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It is customary in business to offer long payment terms (30, 60, or 90 days) to bulk buyers and VIP customers. It is a benefit that many companies and bulk buyers look for when choosing suppliers. Unfortunately, outstanding or unpaid invoices create bubbles in a business’s finances. Although they are recorded separately as accrued revenue, the fact remains that it is money the business needs but cannot access yet.
Having far too many unpaid invoices can result in a negative cash flow: a situation wherein a business spends more money than it earns in a given period. There are many ways to turn things around to increase incoming money and reduce outgoing funds:
- Apply for invoice factoring
- Apply for a loan
- Increase sales
- Renegotiate and shorten payment terms (e.g., from 30 to 15 days)
- Reduce operating expenses
- Follow-up on outstanding payments
- Hire a debt collector
These are good strategies to prevent cash flow stagnancy when you have pending invoices. However, invoice factoring would be the best option if your business is struggling to make payroll and pay suppliers on time.
The Advantages of Factoring for Struggling Businesses
Invoice factoring can offer a lifeline to businesses that are short in operating capital and whose operations are in danger of stopping when the petty cash runs out. We must stress, however, that unlike conventional business loans for which everyone may apply, factoring only works for businesses with outstanding invoices.
Here are the reasons why factoring is ideal when accounts receivables are the cause of your cash flow problems:
You can receive working capital in one to two days.
When you work with an established factoring company like Business Factors & Finance, you can get your capital as quickly as two days. The quick turnaround is the primary reason businesses factor their invoices instead of the choices listed above.
In comparison, payment follow-ups and debt collection cannot guarantee an immediate payment or timely payments moving forward. Meanwhile, renegotiating payment terms to make them shorter might lose you more clients and increasing sales, reaping returns from investments, and cutting operating expenses take longer to implement.
Applying for a business loan is a plausible option, but only if your credit score is high enough to meet the cutoff and you can meet other requirements. And even if your bank accepts your application, they can take weeks to underwrite, approve, and finance your loan. That leaves invoice factoring as the most promising option for struggling businesses.
It doesn’t matter if you have a low credit score.
Factoring companies won’t look into your business’s credit history. Instead, they will screen your customers’ credit scores and trustworthiness. As long as you have reliable customers who habitually pay within the terms of their contract, you can get approved for factoring.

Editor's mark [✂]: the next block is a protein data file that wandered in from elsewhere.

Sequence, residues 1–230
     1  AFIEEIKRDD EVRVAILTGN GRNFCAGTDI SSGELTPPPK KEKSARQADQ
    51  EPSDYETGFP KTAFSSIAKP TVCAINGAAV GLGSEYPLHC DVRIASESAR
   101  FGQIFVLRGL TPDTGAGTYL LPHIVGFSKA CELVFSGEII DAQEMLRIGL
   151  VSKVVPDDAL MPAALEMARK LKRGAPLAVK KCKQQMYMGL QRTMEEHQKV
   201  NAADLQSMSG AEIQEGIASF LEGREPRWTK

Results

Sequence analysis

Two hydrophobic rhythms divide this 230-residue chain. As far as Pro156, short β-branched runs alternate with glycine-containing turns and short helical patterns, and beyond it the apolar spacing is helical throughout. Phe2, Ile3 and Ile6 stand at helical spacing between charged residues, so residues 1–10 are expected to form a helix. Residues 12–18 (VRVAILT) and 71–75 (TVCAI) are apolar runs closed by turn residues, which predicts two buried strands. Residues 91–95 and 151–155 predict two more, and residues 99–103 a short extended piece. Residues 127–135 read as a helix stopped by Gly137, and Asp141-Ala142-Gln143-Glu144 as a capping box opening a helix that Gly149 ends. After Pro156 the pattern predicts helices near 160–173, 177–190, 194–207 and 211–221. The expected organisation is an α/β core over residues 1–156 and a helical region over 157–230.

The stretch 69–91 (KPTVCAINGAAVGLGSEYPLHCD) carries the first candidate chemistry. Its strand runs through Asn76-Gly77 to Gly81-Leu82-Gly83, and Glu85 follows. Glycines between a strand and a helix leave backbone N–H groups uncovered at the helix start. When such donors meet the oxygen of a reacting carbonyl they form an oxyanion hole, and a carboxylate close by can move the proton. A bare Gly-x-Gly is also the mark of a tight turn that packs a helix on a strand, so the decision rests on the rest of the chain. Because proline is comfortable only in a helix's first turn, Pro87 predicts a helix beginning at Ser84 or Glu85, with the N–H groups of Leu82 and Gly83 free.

With the burden of trustworthiness transferred to your customers, you don’t have to worry about having a poor credit score, or that business was in the red in the last couple of years. This is also good news for startups and small businesses that have yet to build a credit history.
You can apply online.
Another draw of factoring is convenience. Many factoring companies accept online applications and can communicate with clients from around the country via phone calls and email. And since there’s no extensive paperwork required for the application, there’s little need for you to make a personal appearance at a factoring office.
You’re not getting a loan, so your business doesn’t incur debts.
Invoice factoring is technically not a loan because the financing you receive is an advance on your accounts receivables. When your customers pay, the money goes to the factoring company, which will then deduct a small percentage as their fee.
Factoring is affordable.
Now that we’re on the subject, factoring companies typically charge a small percentage of the invoice total as payment for their services. Depending on many factors and your contract agreement, it can be a monthly or weekly fee.
For example, a factoring company that advances 85 percent of a $100,000 invoice and holds the remaining 15 percent in reserve may charge a 2.5% monthly fee or $2,500 per month. If the customer pays after one month, the business will only pay $2,500. If the payment comes through after two months, the fee is $5,000.
In this example, the business receives $85,000 in advance and gets back the $15,000 held in reserve after paying $2,500-$5,000 in fees. Thanks to factoring, the business can replenish its dwindling cash flow and meet all financial obligations without tying up future revenues in loan repayments.
Reliable Financing for Businesses with Accounts Receivables
To sum up, factoring for struggling businesses is a good strategy for obtaining working capital without incurring debts that can take a year or more to repay. It is also the best option for businesses that urgently need cash. And with application requirements that are laxer than a bank’s, factoring is probably the only answer for companies recovering from financial crises.
If you have more questions about invoice factoring, you may call Business Factors & Finance at (800) 672-3844 or reach out via our contact page.
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